If neural nets are universal function approximators, could we replace the entire digital processing stack in charge of equalizing and decoding the information signal by one sophisticated net? Is that computationally tractable? How accurate would it be compared to the individually optimum algorithms? How much power would it consume? How fast could it adapt to fast variations in the communication channel? These are some of the questions being currently attacked by the telecom community responsible for the design of high-bitrate communication transmitters and receivers because, in some transmission scenarios, the end-to-end channel is so complex to parametrize, and the uncertainties are so high and diverse, that it is impractical to develop an analytic expression. And the interest goes beyond technical aspects, since a single chip design could provide the just-right service to all communication channels, thus leveraging economies of scale, strongly facilitating multi-vendor compatibility, and moving great part of the development to the agile software space. Therefore, researchers are modeling the entire communication chain as an autoencoding neural net problem: Data -> BLACK BOX -> Channel -> XOB KCALB -> Data, now the objective is to learn the BLACK BOX that makes this system exist with a probability of bit error of 1·10-15. A very complicated training process that benefits extraordinarily from the injection of “expert knowledge” across the process – e.g. in the neural net structure, input featuring, initialization, or learning regularization; a whole field of research by itself.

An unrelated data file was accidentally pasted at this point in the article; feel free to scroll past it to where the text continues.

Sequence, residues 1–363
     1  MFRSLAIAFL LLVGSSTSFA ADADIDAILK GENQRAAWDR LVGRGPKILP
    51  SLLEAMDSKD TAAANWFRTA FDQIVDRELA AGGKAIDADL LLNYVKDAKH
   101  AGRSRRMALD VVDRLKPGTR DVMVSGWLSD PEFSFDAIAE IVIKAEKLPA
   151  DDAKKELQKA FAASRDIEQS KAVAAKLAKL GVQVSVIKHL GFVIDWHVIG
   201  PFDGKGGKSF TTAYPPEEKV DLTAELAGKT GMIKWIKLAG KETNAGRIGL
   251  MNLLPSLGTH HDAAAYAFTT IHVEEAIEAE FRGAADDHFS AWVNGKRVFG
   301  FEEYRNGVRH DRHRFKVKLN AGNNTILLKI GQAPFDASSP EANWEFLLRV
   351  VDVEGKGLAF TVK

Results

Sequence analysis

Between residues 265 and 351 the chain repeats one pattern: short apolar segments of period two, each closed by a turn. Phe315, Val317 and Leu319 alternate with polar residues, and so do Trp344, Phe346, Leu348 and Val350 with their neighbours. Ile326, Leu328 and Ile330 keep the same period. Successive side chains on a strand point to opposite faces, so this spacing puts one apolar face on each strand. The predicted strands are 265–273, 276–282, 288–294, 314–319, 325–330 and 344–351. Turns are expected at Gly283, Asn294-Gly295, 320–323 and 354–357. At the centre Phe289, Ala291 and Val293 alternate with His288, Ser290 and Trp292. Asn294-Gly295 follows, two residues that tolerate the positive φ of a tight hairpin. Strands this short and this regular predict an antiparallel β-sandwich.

Bottom line: artificial intelligence, and machine learning algorithms are easy to grasp, as much as statistical math can be; but their power currently escapes to our full understanding, just because we are literally unable to digest ourselves the amount and assortment of data that this technology manipulates and correlates. In this context, the end user will soon – next 1-3 years – enjoy few AI teasers like domotics, car automation, and assisted/enhanced reality – who does not like a magic trick, right? but, in my opinion, those cases are an unfair reflection of the actual power of a well-trained data center; and hence, its implications.


Cisco, “The Zettabyte Era: Trends and Analysis, ” white paper [Online]. Available:

LoadDB website [Online]. Available:

Open Compute Project website  [Online]. Available:

Telecom Infra Project website [Online]. Available:

Nokia Internal on “dynamic optical networks” and “software defined networking”

A. S. Thyagaturu et al., “Software Defined Optical Networks (SDONs): A Comprehensive Survey,” in IEEE Communications Surveys & Tutorials, vol. 18, no. 4, pp. 2738-2786, 2016.

T. J. O’Shea and J. Hoydis, “An Introduction to Deep Learning for the Physical Layer,”  arXiv: 1702.00832v2 [cs.IT] 2017